General Ramcke

Discussion in 'The Third Reich' started by redtop, Oct 24, 2020.

  1. redtop

    redtop Well-Known Member

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    I posted the above letter from a German Falschrimjager Officer on another site and received this reply below

    is it True about the Award being False?



    Just been reading a book called “The Walls Have Ears” about the interrogation and bugging of Axis prisoners. It describes how Ramcke was taken prisoner after the surrender of Brest along with a fair quantity of Champagne and Cognac. Ramcke proved uncooperative so his interrogators cooked up a scheme to loosen his inhibitions. They manufactured a fake German press release which awarded Ramcke the Knights Cross with Crossed Swords and Diamonds for the brave defence of Brest. They took the press release and plenty of the General’s own Champagne and Cognac and visited him to celebrate his award. All got completely rat arsed during which time Ramcke divulged all sorts of interesting information much to the satisfaction of the listeners. Ramcke never found out that his award was fake.
     
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  2. CL1

    CL1 116th LAA and 92nd (Loyals) LAA,Royal Artillery

    Last edited: Oct 24, 2020
  3. alberk

    alberk Well-Known Member

    In France in 1951 he was sentenced to 5 years in prison for taking French civilians hostage and executing them, for looting civilian property and for burning down civilian houses. In the 1950s he was also active in extreme right wing circles in West Germany.
     
    Last edited: Oct 24, 2020
  4. JDKR

    JDKR Member Patron

    The Combined Services Detailed Interrogation Centre (CSDIC UK) opinion of Ramcke was not high...

    'Ramcke is inordinately vain and has a most extensive knowledge of distorted history; ambitious, ruthless yet naive, an opportunist. As the Nazi Party is on the decline he is beginning to change his views. He claims to have made 800,000 Reichsmark out of his book From Cabin Boy to Paratroop General. When captured Rsmcke was found to be in possession of a large quantity of French brandy and liquors, also a complete dinner service, probably looted. Ramcke makes no bones about the fact that he was determined to win the highest decorations and has described to British officers how he recommended his subordinates for high decorations, knowing full well that the High Command would have to recommend him for a higher award than they received. He was awarded the Swords and Diamonds for his defence of Brest and his last act was to send a WT message to Hitler recommending himself for the award of an estate'. Soenke Neitzel 'Tapping Hitler's Generals', p.309, (Barnsley: Frontline Books 2007).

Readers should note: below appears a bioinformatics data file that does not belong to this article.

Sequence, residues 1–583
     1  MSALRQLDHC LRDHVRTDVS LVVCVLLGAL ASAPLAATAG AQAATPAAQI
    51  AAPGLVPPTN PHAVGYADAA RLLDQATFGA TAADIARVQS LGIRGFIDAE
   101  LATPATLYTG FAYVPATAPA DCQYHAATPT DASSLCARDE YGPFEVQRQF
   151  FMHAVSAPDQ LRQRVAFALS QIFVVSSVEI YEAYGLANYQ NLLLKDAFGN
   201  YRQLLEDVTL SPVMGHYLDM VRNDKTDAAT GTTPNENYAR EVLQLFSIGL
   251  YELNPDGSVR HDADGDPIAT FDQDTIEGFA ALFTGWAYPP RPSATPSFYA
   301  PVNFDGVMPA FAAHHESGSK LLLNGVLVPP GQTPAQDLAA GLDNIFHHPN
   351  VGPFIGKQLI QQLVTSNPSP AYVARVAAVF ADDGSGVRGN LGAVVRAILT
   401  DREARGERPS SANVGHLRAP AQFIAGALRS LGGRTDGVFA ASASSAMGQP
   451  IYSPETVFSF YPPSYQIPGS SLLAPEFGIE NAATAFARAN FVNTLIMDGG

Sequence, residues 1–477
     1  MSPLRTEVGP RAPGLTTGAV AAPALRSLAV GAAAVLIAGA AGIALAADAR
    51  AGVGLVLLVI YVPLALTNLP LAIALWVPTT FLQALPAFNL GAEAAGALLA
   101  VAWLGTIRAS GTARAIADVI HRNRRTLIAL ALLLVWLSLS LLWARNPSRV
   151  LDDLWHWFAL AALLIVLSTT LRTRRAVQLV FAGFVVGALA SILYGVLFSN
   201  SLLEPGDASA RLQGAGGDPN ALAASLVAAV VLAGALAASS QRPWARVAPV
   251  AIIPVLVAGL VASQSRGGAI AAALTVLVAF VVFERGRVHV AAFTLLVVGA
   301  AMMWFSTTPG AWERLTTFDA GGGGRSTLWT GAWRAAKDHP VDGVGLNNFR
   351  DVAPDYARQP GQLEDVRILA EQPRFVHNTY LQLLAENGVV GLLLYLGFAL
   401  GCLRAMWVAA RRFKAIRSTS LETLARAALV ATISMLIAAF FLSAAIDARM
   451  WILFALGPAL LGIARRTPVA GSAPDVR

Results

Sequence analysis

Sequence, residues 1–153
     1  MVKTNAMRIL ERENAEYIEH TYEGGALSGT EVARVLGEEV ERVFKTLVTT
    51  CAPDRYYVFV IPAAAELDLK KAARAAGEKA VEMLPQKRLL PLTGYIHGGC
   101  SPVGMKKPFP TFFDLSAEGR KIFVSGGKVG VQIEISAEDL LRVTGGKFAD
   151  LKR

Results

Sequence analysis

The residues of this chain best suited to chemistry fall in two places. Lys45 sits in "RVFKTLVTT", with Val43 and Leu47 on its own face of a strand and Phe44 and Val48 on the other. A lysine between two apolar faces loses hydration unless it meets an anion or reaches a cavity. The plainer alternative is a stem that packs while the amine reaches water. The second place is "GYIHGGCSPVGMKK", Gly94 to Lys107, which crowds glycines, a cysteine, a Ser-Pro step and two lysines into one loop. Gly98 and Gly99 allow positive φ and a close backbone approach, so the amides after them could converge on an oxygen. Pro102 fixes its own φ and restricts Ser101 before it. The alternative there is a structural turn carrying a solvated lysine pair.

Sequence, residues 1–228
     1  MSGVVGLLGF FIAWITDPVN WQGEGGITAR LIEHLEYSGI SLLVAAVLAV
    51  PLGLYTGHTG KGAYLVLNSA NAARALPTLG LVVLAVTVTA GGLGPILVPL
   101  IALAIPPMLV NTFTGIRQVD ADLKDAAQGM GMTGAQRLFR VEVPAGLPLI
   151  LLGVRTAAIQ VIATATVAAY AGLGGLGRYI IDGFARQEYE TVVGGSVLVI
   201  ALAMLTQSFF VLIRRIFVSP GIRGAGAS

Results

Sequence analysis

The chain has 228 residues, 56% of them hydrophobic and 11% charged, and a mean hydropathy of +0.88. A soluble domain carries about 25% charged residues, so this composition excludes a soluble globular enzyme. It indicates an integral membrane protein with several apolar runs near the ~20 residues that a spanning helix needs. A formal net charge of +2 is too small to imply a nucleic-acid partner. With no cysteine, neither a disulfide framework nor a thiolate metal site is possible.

I have yet to find any evidence for the fake Swords and Diamonds but I wouldn't have put it past the devious masters of Trent Park.
     
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  5. Osborne2

    Osborne2 Well-Known Member

  6. Harry Ree

    Harry Ree Very Senior Member

    Yes "Tapping Hitler's Generals" .....a very good source for British intelligence also in ascertaining who were loyal to Hitler and who were not.

    Von Thoma gave the game away with a very early warning of the development of what would be the V1 weapon,a weapon that would inflict widespread damage to London.He thought it should have being happening when he arrived at Trent Park...all from chit chat.

    This publication should be read in conjunction with Soldaten..Fighting,Killing and Dying by Neitzel and Welzer ,an eyeopener to the excesses that the Wehrmacht was engaged in, particular on the Eastern Front.
     
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  7. JDKR

    JDKR Member Patron

    Couldn’t agree more. In the context of acquiring information, ‘deviousness’ is an excellent quality!

    Fully agree with you Harry. In many respects ‘Soldaten’ was by far the more distressing of the two books and gave lie to the view that atrocities were the responsibility of a few, ‘specialist’ organisations.
     
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  8. alberk

    alberk Well-Known Member

    … and to round it off I again recommend: "Comrades: The Wehrmacht from Within" by Felix Römer (or Roemer). The English translation came out in 2019. Römer is describing and analysing the results of the tapping of German POW in Fort Hunt/USA. Similar to the findings of Neitzel and Welzer, maybe even more detailed … gives you insight into the mindset of WW2 German soldiers and officers.
     
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  9. Rabid Grandpa